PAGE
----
Based on the six months I've spent with Chrome OS via the Cr-48 test unit, I can tell you that I've found the operating system to be a useful addition to my computing arsenal. I couldn't see myself transitioning to a Chromebook as my primary PC right now -- it's just too challenging to get through my day-to-day work in that strictly browser-based environment, and the Web apps don't do everything I need the way I want it done. I could definitely see myself enjoying a Chromebook as a supplementary PC, particularly for quick tasks and on-the-road use.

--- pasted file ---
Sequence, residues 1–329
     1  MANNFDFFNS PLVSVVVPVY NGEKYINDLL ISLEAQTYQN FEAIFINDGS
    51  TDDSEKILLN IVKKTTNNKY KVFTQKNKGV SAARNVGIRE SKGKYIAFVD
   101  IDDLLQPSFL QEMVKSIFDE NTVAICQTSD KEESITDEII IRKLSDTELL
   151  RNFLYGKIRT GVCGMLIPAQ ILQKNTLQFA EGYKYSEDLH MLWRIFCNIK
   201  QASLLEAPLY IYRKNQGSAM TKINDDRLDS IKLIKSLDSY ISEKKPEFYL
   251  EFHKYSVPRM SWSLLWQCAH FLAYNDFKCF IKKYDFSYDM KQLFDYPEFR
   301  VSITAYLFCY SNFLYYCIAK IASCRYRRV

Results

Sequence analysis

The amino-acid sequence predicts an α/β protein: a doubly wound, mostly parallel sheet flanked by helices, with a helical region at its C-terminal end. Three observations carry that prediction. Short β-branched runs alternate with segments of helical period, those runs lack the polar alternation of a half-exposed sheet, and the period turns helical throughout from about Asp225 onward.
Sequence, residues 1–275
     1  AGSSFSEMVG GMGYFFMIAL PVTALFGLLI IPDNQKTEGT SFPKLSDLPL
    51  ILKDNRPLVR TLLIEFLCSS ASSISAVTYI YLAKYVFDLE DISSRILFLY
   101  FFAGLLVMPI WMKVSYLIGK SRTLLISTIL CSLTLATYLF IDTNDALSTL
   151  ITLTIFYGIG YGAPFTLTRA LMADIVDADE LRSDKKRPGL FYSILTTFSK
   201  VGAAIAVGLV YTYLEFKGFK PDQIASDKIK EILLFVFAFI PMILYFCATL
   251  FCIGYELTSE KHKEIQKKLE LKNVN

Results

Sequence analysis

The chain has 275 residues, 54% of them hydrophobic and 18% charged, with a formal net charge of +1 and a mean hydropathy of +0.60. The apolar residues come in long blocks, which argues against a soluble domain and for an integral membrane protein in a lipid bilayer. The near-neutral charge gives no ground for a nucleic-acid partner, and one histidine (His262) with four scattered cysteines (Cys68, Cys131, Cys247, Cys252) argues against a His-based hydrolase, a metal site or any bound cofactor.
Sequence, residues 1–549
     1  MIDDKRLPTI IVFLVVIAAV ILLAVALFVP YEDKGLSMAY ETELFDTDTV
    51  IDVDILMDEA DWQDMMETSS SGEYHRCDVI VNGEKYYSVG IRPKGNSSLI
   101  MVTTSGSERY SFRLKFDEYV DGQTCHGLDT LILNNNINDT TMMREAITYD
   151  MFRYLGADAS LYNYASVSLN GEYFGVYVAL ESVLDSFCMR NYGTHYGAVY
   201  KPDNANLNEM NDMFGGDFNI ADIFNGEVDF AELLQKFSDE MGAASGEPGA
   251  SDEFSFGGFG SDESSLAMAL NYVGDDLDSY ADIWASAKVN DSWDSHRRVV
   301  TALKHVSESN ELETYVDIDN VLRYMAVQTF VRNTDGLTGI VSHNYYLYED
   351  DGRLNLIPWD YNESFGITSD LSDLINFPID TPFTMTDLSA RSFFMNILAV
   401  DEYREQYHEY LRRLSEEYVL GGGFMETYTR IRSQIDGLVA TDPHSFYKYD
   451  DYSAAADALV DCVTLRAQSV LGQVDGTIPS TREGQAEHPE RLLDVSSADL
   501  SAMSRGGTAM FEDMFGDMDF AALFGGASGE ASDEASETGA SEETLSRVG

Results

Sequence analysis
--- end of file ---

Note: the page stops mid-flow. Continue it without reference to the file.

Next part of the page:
Once Google finishes filling in the gaps -- building out the file manager and adding offline support for its core apps, for instance -- I think the Chromebooks will offer an intriguing option for people who like the concept of living in the cloud and the perks that accompany that lifestyle. Chromebooks won't be right for everyone, but for some users, they'll be a welcome change from the tethered-down and often bloated world of traditional PCs.
If you consider yourself a potential cloud dweller, the question ultimately becomes whether the experience is worth $350 to $500 when that same cash can get you a decent Windows 7 laptop with all the bells and whistles. In the end, it all comes down to what you want your notebook to do -- and that's a question only you can answer.
JR Raphael is a syndicated writer and the author of Computerworld's Android Power blog.